- Changes in the current red snapper and shark regulations will be considered to attain greater consistency between current federal regulations and state regulations.
- The ongoing fishery for menhaden in state waters will be reviewed and the possibility of closing state waters will be scoped.
- With regard to coastal fishing guides, the department is going to scope an item within the statewide process that may not require any regulatory changes. The item will consider the creation of a Texas Saltwater Certified Guides Program. The voluntary program would establish a certification program by the department which may include safety, angler ethics and various training to promote the protection of coastal natural resources.
- A nine-day, buck-only mule deer season would be implemented in Andrews (east of U.S. Highway 385), Martin, and Gaines counties. Under current rule, there is no open season for mule deer in Andrews (east of U.S. Highway 385), Martin, or Gaines counties. Implementing a nine-day, buck-only would offer increased hunter opportunity without adversely impacting mule deer reproduction or distribution. The literature suggests that the implementation of a buck-only season will not have any measurable impact on herd productivity or expansion; however, a measurable change in the age structure of bucks is anticipated as a result of harvest pressure on a previously unhunted population.
- A 16-day, buck-only season for mule deer would be implemented in Sherman and Hansford counties. Under current rule, there is no open season for mule deer in Sherman or Hansford counties. Each county has low-density populations of mule deer in pockets of suitable habitat. The literature suggests that the implementation of a buck-only season will not have any measurable impact on herd productivity or expansion; however, a measurable change in the age structure of bucks is anticipated as a result of harvest pressure on a previously unhunted population. Implementation of the proposal is expected to result in increased hunter opportunity with no measurable effect on reproduction or distribution of mule deer populations.
- The minimum draw weight for archery equipment would be eliminated. Under current rule, the minimum draw weight for compound bows, recurved bows, and longbows is 40 pounds. If the minimum draw weight is eliminated, staff believes that bowhunting would become more accessible to younger hunters and others who might have difficulty drawing a 40-pound bow.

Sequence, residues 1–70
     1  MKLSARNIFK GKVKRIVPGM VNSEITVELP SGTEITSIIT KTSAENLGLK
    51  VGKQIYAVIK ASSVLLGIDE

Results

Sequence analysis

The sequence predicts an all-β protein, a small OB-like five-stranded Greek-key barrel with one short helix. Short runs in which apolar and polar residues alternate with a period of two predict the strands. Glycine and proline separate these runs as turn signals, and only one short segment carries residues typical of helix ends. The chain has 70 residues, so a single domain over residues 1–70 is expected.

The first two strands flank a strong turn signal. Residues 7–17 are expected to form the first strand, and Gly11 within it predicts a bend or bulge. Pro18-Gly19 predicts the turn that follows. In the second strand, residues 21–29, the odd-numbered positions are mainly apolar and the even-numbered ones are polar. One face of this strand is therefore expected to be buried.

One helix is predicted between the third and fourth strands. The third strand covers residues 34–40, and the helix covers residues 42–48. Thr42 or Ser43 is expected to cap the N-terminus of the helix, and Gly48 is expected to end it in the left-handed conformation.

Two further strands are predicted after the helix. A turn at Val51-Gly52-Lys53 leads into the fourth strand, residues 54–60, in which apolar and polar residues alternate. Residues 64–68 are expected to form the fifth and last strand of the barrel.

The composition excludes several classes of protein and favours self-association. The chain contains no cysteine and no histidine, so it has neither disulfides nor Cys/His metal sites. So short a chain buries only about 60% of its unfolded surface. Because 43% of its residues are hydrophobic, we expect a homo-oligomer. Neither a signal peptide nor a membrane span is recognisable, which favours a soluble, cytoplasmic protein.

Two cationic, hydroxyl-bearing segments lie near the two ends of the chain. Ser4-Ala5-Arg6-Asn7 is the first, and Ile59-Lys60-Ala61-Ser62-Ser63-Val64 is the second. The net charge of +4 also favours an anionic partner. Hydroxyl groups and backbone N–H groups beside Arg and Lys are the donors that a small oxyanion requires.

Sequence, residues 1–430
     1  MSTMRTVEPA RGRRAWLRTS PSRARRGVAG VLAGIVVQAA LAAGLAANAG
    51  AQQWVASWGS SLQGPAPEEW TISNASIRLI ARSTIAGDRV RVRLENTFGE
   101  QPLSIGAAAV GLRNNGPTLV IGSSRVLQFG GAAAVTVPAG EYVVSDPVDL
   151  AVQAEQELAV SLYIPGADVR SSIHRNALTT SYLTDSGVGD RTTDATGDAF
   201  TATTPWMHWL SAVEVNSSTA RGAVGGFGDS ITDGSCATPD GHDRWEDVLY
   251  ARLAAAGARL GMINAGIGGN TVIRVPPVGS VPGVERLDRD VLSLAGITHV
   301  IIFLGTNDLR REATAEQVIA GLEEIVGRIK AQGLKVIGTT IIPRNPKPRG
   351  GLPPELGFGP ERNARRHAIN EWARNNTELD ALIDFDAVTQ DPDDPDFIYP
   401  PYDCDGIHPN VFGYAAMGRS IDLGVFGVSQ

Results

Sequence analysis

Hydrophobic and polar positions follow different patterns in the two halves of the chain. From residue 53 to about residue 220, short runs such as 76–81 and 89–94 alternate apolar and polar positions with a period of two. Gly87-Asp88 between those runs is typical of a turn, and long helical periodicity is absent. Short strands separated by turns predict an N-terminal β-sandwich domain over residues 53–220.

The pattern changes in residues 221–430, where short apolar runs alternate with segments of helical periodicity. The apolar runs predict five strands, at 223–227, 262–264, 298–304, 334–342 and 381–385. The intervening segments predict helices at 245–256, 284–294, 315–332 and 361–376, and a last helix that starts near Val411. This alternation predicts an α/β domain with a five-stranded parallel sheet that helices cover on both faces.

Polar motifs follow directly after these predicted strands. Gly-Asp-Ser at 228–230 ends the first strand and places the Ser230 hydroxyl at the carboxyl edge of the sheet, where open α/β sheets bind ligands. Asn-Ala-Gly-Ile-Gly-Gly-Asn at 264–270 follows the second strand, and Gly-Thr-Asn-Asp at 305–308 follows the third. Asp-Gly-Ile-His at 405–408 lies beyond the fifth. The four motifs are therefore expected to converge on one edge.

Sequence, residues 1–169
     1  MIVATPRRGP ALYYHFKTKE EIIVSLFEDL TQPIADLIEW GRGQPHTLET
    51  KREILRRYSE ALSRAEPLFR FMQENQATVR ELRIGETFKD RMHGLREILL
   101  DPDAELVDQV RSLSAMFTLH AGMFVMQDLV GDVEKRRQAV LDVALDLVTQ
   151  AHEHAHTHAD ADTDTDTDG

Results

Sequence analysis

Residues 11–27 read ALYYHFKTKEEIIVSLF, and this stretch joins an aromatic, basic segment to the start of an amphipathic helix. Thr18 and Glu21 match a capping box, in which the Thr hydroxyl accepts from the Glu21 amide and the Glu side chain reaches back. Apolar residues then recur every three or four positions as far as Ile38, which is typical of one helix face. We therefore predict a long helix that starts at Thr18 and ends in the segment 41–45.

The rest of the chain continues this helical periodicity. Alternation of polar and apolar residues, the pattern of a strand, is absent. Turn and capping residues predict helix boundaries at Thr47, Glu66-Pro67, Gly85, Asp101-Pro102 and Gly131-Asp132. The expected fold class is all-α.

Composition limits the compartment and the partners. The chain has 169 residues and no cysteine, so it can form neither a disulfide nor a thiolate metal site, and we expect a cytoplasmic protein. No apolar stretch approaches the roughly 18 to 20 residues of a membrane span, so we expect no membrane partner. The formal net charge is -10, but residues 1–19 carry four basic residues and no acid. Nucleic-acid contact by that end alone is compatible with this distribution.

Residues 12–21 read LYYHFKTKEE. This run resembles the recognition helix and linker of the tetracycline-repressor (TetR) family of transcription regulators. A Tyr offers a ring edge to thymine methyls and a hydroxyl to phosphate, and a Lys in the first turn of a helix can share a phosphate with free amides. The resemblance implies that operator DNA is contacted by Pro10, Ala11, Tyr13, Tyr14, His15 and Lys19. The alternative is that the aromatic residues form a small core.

- Proof-of-sex requirements for deer would be simplified. Under Parks and Wildlife Code, proof of sex (i.e., the head) must accompany a harvested deer until it reaches a final destination and has been finally processed, unless the hunter has obtained a signed statement from the landowner or a taxidermist. The proposed amendment would allow department-issued, sex-specific tags (Managed Lands Deer Permit, Landowner Assisted Management Plan Permit, etc.) to function as proof-of-sex in lieu of the head or signed statements.
- Pheasant season would open later. Under current rule, pheasant season in the Panhandle opens on the first Saturday in December and runs for 30 consecutive days. In Dallam, Hartley, Moore, Oldham, Potter, and Sherman counties, the deer season runs from the Saturday before Thanksgiving for 16 consecutive days, meaning that in those counties the deer and pheasant seasons overlap. The proposal would start the pheasant season the third Saturday in December in order to allow for independent enforcement of open seasons. The proposal has no biological implications.
- Reduction in the minimum age requirement for hunter-education certification would be implemented. The current minimum age for hunter-education certification is 12, which has been in effect since 1988. Staff recommends lowering the minimum age to 9 years of age to be consistent with the minimum age standards of the department's youth hunting program and similar laws in other states.
Committee Agenda Item No. 6
Presenter: Phil Durocher
Harmful or Potentially Harmful Exotic Fish,Shellfish and Aquatic Plants Rules
Regarding the Status of Australian Redclaw Crayfish Culture in Texas
I. Executive Summary: Staff will brief the Commission on the risk of Australian redclaw crayfish culture in Texas. Staff will also brief the Commission concerning the advantages of a non-prohibited species list.
II. Discussion:: In August 2006, the Commission adopted amendments to the Harmful or Potentially Harmful Exotic Fish, Shellfish or Aquatic Plants rules to allow the possession, culture and sale of one species in the family Parastacidae, Australian redclaw crayfish Cherax quadricarinatus. This species can be possessed, cultured and sold in Texas by individuals with valid exotic species permits. At the November 2007 Commission meeting the Commission gave the staff permission to publish rules prohibiting all species of the Parastacidae except the redclaw. After some discussion, the staff was instructed to also prohibit Australian redclaw crayfish if they are a potential threat in Texas. In response, staff has prepared an analysis to evaluate any risks of producing this species in Texas. The department currently publishes a list of prohibited fish, shellfish and aquatic plants. Any exotic species such as the Australian redclaw crayfish that is not on this list may be legally possessed in Texas. This could result in serious harm to our native aquatic resources if accidentally or intentionally released. Staff will discuss the advantages in publishing a non-prohibited fish, shellfish and aquatic plants list.
III. Recommendation:: Staff is proposing to prohibit the possession of all crayfish in the family Parastacidae including the Australian redclaw crayfish Cherax quadricacrinatus.